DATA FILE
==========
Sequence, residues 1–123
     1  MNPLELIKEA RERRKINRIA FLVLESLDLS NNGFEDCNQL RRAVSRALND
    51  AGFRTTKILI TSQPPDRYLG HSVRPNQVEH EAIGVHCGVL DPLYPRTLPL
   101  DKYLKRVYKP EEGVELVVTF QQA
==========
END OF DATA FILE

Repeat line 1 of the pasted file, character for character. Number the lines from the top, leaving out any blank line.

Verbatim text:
Sequence, residues 1–123